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Friday, March 28, 2014

French is The "New Russian" on The Streets of Israel

When the two large Russian aliyot to Israel were new we'd hear a lot of Russian in the streets, buses, offices, stores and clinics in Israel. But now most immigrants from the FSU (former Soviet Union) use a lot of Hebrew or are answered in Hebrew by the younger generations, and the Russian language no longer stands out.

Nowadays I hear an awful lot of French in  the streets, buses, offices, stores, clinics etc. Israeli history, sociology has been described as continual waves of immigrants. The more veteran ones are replaced by newer waves. Each wave has its own stories and needs. And each one thinks the newer ones got a better deal.

There's a classic Israeli film and jokes about how each wave of immigrants are resentful and discriminate against the newer ones.
A classic skit from the 70's where Arik Einstein and Uri Zohar play all the roles. English Subtitles. 

It's a parody saying the Israelis are inpatient towards the new Olim. But 5 minutes after the new Olim came to Israel, they see themselves as Israelis, and act the same 

The majority of Ethiopian immigrants, due to their color, are noticed visually even before being heard. They tend to speak so quietly. Bnai Menashe, who have come in smaller numbers, are also pretty silent and aren't as scattered around. I see them in Ofra, Beit El and shopping in Sha'ar Binyamin.

There was also a lot of resentment incomprehension when the American immigration was large in the post-1967 Six Days War euphoria. There was total amazement by many Israelis who couldn't understand how we Americans could have left America which has always been seen as a magic place, wealthy, easy living and easy money. To make it worse more veteran Israelis would misunderstand the regulations of that time concerning all sorts of tax free/reduced items, including cars, and insist that we got them for free.

But I'll never forget how moved the El Al flight crew was by the Americans making aliyah during the Second Lebanon War. I accompanied the Nefesh B'Nefesh flight as a journalist.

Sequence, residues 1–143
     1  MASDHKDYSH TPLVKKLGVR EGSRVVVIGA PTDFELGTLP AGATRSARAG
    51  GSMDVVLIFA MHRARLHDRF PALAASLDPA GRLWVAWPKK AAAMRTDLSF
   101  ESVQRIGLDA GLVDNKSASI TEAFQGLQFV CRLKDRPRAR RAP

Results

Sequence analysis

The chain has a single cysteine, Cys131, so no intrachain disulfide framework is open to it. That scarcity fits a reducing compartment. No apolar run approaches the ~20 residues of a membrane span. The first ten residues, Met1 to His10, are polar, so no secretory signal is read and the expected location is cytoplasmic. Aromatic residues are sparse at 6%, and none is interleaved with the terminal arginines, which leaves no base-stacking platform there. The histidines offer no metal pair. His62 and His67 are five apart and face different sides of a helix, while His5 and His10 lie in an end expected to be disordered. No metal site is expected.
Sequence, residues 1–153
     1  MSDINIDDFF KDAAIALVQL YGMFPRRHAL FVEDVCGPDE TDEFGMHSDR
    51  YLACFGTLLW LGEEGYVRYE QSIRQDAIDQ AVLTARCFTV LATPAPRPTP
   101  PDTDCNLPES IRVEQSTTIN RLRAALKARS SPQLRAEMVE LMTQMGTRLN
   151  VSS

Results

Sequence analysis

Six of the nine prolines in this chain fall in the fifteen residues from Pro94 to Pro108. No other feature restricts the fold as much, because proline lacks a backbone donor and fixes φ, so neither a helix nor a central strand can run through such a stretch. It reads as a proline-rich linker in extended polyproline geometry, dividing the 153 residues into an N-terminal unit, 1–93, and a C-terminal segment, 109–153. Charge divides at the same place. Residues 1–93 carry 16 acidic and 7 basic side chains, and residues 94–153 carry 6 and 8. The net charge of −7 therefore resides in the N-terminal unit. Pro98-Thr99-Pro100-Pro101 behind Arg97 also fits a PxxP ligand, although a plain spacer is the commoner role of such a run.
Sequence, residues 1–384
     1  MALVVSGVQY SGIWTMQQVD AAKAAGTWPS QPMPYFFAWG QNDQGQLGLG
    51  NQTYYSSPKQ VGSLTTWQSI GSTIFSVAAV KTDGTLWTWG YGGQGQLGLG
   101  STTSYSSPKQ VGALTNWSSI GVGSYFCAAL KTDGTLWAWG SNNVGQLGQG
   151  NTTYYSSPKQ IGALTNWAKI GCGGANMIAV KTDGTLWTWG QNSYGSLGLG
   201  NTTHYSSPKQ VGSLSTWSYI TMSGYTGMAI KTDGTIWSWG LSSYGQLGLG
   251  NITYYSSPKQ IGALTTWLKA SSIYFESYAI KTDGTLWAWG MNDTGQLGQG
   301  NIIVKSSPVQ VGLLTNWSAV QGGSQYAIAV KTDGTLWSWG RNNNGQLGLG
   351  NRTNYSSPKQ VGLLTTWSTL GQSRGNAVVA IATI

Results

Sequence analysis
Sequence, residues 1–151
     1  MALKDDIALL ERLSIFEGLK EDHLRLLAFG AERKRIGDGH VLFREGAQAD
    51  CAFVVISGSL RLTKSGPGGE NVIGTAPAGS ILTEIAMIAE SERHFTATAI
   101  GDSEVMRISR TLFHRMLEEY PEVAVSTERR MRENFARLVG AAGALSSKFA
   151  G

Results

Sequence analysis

Photo I took on that NBN flight

Recent French immigrants are understood by many Israelis as escaping terrible, violent antisemitism.
Speaking on camera a day after his assault, the victim  a 59-year-old Jewish teacher only identified as David said he was attacked by three North African “Maghreb men” at 10 p.m. on March 20 after leaving a kosher restaurant in Rue Manin, Paris, and making his way to a subway station.
“They started to curse me out: ‘dirty Jew,’ ‘death to the Jews,’ ‘son of a b***,’ etc. Then they started to beat me up,” David says in the clip before breaking down in tears. “I was hit on my face, I got my nose fractured… And then one of them took something out of his pocket, I thought it was a knife… It was a marker… And this is what they did to me (showing his chest), a swastika as they were screaming ‘dirty Jew.’ ”
There has been a lot of coverage of French antisemitic attacks in the media, including the one on the Jewish school in Toulouse.
There has been a marked increase in the number of French Jews who have moved to Israel since the killings two years ago, from fewer than 2,000 in 2012 to more than 3,000 last year.
President Moshe Kantor of the European Jewish Congress, in a statement on Wednesday, commended the French authorities for their efforts to curb anti-Semitism and urged officials to “preempt the next murders by continuing to invest in education, law enforcement against those who preach hate and incitement, and to combat the extremists.”
The SPCJ, the security unit of the French Jewish community, says the murders triggered a wave of 90 anti-Semitic incidents in the subsequent 10 days.
Two years after the most traumatic Islamic terrorist attack on its territory, France continues to remember the killings in Toulouse. French websites and France 2 television reported Wednesday’s two ceremonies.
On March 19, 2012 the French-Algerian Merah shot and killed three Jewish children and the father of two of them at the entrance to the Ohr Torah school in Toulouse.
An English-speaking friend who made aliyah at the time of the large Russian aliyah finished ulpan (intensive Hebrew-language classes) with a Russian accent. Now, no doubt, many olim chadashim new immigrants from all over the world pick up Hebrew with a French accent.

The big question is:
From where will the next wave of immigrants come?


Anonymous said...

Loved the video. Laughed a lot.

Batya Medad said...

They worked together brilliantly and actually have mutual grandchildren, bli eyin haraa.